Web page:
The Hand Of Mrs. Wilhelm Röntgen
There’s no way of knowing how many pictures were taken of Anna Bertha Röntgen, and most are surely lost to history. But one of them isn’t: it is of her hand—more precisely, the bones in her hand—an image captured by her husband Wilhelm when he took the first medical x-ray in 1895. Wilhelm had spent weeks working in his lab, experimenting with a cathode tube that emitted different frequencies of electromagnetic energy. Some, he noticed, appeared to penetrate solid objects and expose sheets of photographic paper. He used the strange rays, which he aptly dubbed x-rays, to create shadowy images of the inside of various inanimate objects and then, finally, one very animate one.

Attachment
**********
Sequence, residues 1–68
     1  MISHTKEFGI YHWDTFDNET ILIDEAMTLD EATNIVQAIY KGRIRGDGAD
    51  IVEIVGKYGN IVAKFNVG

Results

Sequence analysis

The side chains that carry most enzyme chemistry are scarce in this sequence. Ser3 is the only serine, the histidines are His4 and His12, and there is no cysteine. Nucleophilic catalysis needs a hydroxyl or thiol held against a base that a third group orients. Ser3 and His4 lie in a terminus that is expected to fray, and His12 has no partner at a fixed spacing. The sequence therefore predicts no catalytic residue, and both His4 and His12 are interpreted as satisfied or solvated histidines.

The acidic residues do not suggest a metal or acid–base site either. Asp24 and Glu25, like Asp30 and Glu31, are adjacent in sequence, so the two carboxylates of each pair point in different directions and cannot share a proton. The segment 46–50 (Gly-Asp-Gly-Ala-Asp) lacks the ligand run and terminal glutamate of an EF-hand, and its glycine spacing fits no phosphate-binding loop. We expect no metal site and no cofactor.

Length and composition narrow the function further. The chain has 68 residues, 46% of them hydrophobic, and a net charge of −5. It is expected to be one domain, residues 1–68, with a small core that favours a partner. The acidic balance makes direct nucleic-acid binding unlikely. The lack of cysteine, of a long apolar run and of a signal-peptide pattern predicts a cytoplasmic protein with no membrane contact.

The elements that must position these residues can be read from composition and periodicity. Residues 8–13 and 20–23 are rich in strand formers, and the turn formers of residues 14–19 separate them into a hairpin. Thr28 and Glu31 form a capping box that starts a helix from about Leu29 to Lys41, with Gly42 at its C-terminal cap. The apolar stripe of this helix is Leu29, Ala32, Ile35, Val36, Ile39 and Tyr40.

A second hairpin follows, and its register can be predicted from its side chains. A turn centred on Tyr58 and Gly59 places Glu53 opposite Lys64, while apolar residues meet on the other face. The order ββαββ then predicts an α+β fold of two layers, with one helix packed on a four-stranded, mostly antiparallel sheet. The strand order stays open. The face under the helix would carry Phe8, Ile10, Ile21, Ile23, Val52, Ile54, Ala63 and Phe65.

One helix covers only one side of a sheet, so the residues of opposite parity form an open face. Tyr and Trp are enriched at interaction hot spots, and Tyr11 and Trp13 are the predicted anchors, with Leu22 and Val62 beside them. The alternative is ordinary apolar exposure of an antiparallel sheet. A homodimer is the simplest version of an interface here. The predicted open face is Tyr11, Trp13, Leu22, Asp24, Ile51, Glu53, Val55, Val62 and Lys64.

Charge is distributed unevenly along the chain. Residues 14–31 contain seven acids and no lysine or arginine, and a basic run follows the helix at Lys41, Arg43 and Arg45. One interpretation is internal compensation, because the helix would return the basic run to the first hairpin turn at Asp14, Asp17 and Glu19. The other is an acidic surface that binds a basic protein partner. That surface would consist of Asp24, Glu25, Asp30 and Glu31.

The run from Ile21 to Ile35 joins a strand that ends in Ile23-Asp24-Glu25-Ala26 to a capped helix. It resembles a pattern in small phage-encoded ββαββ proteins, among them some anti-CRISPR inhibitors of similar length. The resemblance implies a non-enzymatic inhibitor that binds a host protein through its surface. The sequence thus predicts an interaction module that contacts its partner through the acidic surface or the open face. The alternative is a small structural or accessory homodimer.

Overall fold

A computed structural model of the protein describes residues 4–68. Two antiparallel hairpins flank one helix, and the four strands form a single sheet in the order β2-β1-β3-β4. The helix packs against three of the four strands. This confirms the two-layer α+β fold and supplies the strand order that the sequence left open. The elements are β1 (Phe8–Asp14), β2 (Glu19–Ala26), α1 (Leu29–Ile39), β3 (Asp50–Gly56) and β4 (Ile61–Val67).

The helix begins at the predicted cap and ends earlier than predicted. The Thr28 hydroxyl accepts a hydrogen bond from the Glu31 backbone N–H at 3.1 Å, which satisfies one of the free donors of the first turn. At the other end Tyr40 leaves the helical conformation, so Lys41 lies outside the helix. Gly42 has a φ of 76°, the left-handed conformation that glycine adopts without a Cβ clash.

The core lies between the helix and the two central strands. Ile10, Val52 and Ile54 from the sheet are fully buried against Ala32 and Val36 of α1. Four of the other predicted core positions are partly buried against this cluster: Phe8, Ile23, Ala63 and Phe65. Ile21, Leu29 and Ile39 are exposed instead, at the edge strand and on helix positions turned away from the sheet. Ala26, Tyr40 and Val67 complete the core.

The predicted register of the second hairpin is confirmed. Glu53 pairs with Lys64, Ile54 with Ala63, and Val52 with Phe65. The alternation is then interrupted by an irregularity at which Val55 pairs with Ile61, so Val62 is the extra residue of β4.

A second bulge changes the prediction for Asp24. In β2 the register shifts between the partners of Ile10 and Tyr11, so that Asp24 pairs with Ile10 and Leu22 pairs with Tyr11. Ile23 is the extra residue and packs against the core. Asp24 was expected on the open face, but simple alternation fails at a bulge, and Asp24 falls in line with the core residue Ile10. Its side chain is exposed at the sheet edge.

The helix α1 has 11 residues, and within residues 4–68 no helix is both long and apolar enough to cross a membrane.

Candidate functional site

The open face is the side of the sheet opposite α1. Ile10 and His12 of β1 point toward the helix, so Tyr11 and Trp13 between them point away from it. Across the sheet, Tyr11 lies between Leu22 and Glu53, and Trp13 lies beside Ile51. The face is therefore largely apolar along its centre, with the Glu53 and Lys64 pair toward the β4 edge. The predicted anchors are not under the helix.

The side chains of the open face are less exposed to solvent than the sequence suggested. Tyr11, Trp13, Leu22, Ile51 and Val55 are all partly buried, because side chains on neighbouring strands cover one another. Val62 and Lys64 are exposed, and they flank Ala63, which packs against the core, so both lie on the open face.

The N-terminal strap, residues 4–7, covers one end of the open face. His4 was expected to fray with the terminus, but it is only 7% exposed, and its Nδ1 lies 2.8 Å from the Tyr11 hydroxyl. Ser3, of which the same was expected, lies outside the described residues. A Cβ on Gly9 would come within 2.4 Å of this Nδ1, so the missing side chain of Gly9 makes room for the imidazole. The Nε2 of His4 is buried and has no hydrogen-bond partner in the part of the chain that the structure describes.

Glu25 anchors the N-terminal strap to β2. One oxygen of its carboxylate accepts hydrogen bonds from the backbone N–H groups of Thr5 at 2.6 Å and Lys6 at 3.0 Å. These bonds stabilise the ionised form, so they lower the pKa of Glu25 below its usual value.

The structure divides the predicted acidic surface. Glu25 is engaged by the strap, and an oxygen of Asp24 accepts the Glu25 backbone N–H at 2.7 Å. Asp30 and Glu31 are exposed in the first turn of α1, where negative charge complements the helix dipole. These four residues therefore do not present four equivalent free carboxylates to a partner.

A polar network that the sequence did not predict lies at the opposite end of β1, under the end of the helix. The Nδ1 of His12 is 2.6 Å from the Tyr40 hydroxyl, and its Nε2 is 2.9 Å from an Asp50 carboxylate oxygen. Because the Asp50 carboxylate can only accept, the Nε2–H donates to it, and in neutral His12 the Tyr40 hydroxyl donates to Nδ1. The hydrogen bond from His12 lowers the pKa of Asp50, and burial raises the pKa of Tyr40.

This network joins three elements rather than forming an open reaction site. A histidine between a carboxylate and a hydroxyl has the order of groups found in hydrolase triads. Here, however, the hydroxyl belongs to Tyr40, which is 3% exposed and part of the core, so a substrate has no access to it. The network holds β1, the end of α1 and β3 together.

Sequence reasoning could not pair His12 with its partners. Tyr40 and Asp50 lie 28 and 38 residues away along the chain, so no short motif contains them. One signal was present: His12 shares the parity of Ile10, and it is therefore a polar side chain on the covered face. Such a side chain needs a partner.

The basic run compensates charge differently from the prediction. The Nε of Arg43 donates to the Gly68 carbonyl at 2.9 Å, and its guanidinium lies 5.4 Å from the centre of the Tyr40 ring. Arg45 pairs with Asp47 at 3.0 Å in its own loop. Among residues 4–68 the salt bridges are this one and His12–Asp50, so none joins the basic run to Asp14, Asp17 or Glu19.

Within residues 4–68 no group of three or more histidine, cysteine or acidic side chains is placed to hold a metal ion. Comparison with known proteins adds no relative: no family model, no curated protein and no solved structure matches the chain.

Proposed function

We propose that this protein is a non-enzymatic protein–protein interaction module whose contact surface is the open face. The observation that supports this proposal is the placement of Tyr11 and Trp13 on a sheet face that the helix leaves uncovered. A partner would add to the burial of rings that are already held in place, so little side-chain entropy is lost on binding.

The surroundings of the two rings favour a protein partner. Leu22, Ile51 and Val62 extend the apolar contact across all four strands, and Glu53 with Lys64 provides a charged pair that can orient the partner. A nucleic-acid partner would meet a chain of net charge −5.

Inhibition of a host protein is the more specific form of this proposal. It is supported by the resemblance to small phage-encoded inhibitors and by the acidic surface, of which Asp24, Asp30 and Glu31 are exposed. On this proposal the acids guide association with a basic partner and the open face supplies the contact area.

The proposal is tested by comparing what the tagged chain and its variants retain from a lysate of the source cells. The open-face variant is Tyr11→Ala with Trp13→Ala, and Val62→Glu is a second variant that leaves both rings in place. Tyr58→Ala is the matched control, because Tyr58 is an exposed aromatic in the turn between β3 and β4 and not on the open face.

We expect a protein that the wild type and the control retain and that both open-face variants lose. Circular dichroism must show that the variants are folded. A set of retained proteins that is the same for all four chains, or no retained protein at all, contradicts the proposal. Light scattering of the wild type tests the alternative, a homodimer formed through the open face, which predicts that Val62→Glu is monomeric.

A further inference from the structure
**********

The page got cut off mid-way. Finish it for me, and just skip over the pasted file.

The picture of Anna’s hand created a sensation, and the discovery of x-rays won Wilhelm the first Nobel Prize ever granted for physics in 1901. His breakthrough quickly went into use around the world, revolutionizing the diagnosis and treatment of injuries and illnesses that had always been hidden from sight. Anna, however, was never taken with the picture. “I have seen my death,” she said when she first glimpsed it. For many millions of other people, it has meant life.